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Peloton Recalls 54,000 Bike Pedals after Breakage, Injury Reports

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Peloton recently announced that it is recalling the pedals on 27,000 indoor stationary bikes after receiving reports of 16 injuries and 120 pedal breakages. A statement from the high-end spin bike maker said the recall applies to PR70P pedals placed on bikes sold between July 2013 and May 2016 and recommends discontinuing use of affected bikes until new pedals are installed. The recall includes original, out-of-warranty pedals, which Peloton recommends users replace annually.

According to the U.S. Consumer Safety Product Commission, the clip-in pedals can break unexpectedly during use, causing laceration injuries. Of the 16 leg injuries reported, five customers required medical care, including stitches. The recall comes during a boom time for the New York-based company, which has seen its stocks soar almost 600 percent1 since mid-March as demand for at-home fitness equipment has skyrocketed during the pandemic.2 Peloton spin bikes start at about $1,895 for a basic model, plus $49 per month for live-streamed classes.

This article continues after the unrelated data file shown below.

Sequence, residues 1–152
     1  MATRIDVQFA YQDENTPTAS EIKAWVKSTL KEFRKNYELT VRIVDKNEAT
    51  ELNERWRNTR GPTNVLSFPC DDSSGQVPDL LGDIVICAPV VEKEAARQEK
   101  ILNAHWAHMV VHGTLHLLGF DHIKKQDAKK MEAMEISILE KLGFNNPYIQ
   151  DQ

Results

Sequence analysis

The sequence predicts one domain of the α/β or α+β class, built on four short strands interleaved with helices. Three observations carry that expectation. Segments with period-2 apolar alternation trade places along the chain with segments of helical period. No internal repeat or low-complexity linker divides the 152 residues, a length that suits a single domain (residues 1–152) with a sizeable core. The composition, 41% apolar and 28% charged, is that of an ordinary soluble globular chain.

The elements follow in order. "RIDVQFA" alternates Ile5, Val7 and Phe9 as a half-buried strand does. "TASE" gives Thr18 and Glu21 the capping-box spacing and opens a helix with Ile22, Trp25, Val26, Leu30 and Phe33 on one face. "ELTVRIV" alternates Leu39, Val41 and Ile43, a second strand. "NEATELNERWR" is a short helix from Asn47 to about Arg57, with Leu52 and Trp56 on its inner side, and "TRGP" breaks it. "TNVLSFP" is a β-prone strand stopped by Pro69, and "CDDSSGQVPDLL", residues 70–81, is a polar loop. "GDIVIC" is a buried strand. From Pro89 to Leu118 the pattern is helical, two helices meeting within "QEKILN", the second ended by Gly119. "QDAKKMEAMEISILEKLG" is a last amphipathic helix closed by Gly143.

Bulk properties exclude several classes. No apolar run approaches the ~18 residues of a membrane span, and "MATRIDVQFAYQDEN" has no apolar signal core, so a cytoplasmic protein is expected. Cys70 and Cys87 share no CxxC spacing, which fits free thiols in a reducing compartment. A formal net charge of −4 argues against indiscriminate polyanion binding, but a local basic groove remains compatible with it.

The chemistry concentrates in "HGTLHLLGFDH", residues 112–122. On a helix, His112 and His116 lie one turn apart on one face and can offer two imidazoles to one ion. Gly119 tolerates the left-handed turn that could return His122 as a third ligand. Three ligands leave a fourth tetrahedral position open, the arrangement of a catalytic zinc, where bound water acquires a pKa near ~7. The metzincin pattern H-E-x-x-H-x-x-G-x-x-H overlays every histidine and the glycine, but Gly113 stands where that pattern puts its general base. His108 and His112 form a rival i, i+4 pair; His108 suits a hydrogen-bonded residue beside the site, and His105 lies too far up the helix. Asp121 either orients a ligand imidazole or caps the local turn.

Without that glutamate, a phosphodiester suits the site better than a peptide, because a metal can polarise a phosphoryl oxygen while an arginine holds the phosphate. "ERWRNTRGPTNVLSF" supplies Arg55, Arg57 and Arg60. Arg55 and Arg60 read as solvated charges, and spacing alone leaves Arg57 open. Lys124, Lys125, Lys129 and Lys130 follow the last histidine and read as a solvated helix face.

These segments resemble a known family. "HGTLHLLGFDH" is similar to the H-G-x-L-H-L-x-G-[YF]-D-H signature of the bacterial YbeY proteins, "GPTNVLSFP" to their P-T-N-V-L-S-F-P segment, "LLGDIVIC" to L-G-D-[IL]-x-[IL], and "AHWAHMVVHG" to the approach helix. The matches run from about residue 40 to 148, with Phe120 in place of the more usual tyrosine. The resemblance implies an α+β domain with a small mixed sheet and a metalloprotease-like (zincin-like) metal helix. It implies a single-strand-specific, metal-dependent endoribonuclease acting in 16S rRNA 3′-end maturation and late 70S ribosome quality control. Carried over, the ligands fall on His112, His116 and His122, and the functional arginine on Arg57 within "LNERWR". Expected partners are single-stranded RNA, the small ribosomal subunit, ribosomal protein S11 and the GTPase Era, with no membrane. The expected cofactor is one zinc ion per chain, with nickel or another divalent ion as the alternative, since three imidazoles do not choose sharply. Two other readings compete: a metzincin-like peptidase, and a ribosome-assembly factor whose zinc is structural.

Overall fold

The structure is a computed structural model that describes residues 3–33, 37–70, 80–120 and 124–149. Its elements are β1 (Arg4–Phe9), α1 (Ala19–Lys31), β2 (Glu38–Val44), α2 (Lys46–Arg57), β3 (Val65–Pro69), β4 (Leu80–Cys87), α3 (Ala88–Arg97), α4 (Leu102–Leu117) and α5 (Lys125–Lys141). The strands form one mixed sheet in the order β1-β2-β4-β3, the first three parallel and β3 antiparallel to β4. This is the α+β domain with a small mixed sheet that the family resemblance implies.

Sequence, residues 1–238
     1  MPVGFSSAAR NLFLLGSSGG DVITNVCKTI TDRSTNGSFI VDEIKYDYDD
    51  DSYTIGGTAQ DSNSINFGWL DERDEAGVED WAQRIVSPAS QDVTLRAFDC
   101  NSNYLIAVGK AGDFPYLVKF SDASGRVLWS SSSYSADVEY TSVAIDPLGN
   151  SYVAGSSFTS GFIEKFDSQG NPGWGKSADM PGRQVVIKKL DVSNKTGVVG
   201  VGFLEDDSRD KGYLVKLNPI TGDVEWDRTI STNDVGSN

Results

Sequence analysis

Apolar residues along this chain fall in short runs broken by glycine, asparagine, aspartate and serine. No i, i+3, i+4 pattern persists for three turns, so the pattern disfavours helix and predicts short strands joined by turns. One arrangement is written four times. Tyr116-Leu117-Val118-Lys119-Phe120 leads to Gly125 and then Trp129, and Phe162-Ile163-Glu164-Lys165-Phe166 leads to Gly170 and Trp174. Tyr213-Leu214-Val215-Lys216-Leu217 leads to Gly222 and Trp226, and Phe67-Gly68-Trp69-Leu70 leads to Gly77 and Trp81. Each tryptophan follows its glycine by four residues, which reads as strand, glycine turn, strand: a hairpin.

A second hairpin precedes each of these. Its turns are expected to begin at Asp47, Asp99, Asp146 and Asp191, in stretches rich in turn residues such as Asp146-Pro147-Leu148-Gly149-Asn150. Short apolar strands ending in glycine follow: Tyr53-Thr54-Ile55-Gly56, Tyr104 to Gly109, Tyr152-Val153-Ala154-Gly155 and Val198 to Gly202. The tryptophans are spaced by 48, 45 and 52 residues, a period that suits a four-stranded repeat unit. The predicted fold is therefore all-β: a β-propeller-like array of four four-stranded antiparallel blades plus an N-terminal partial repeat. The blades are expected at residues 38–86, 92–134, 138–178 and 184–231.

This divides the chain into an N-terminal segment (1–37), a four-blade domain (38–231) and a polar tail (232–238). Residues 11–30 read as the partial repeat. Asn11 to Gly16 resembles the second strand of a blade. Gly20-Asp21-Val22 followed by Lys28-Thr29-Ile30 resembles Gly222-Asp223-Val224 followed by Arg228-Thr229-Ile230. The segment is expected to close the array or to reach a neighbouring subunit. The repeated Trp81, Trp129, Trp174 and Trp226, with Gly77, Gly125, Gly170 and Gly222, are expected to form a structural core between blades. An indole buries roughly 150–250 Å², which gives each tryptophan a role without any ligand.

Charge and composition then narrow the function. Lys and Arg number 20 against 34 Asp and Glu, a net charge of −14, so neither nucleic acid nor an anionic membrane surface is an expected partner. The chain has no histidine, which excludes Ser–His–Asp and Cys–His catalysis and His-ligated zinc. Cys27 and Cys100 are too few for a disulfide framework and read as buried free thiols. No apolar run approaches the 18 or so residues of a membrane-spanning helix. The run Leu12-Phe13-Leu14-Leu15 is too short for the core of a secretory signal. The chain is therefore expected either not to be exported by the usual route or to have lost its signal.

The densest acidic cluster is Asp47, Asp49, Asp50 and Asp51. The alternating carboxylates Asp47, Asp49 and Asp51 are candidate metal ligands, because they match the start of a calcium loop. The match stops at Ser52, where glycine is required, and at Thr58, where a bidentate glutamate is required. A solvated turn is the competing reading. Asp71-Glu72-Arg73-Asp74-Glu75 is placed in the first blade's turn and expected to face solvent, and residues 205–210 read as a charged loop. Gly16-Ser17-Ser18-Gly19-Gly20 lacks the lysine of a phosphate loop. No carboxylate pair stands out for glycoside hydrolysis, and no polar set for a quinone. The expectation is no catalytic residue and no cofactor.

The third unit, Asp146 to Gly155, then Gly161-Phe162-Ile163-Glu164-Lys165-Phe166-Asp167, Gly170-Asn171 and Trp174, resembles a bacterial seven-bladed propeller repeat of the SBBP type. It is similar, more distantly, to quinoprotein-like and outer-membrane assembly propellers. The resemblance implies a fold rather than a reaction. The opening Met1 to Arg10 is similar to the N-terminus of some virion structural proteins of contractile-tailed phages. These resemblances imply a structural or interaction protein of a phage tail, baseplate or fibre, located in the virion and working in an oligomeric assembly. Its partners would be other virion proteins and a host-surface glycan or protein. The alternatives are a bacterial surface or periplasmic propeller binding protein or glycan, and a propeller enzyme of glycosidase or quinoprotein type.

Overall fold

“Peloton is more popular than ever because more individuals are working from home,” said Angela Tam, Vice President, Brokerage Manager, Burns & Wilcox, San Francisco, California. “A negative incident like this can tarnish a company’s brand if it is not handled quickly and professionally; unfortunately, as in this case, a recall can occur when a company’s profile is at a high point and how they respond can affect their balance sheet.”

Repairing the reputational damage caused by a recall is one of many expenses that Product Recall Insurance can help mitigate, said Tyson Peel, Vice President and Director, Property and Casualty, Burns & Wilcox, Toronto, Ontario. “Brand rehabilitation expenses such as print or television advertising can be included in a Product Recall Insurance policy,” he said. “Burns & Wilcox’s policies include a consultant to advise companies on the best strategy to minimize losses and rebuild customer relationships in the wake of a recall.”

Notification, repairs among common recall expenses